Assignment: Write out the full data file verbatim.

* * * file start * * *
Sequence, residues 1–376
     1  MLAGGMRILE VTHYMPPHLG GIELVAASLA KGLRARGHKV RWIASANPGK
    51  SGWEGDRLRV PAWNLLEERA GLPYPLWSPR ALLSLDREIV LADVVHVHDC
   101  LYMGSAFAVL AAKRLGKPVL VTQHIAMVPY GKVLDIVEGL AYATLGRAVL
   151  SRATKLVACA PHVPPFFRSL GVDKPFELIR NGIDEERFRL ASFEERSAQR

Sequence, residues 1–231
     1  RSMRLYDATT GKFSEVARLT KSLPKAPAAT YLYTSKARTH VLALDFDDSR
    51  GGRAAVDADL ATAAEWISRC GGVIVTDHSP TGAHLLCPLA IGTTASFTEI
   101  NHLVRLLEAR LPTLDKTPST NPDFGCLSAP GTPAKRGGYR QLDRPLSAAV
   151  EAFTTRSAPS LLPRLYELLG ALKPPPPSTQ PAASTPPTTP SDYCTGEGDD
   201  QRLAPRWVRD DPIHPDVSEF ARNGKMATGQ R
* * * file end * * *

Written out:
Sequence, residues 1–376
     1  MLAGGMRILE VTHYMPPHLG GIELVAASLA KGLRARGHKV RWIASANPGK
    51  SGWEGDRLRV PAWNLLEERA GLPYPLWSPR ALLSLDREIV LADVVHVHDC
   101  LYMGSAFAVL AAKRLGKPVL VTQHIAMVPY GKVLDIVEGL AYATLGRAVL
   151  SRATKLVACA PHVPPFFRSL GVDKPFELIR NGIDEERFRL ASFEERSAQR

Sequence, residues 1–231
     1  RSMRLYDATT GKFSEVARLT KSLPKAPAAT YLYTSKARTH VLALDFDDSR
    51  GGRAAVDADL ATAAEWISRC GGVIVTDHSP TGAHLLCPLA IGTTASFTEI
   101  NHLVRLLEAR LPTLDKTPST NPDFGCLSAP GTPAKRGGYR QLDRPLSAAV
   151  EAFTTRSAPS LLPRLYELLG ALKPPPPSTQ PAASTPPTTP SDYCTGEGDD
   201  QRLAPRWVRD DPIHPDVSEF ARNGKMATGQ R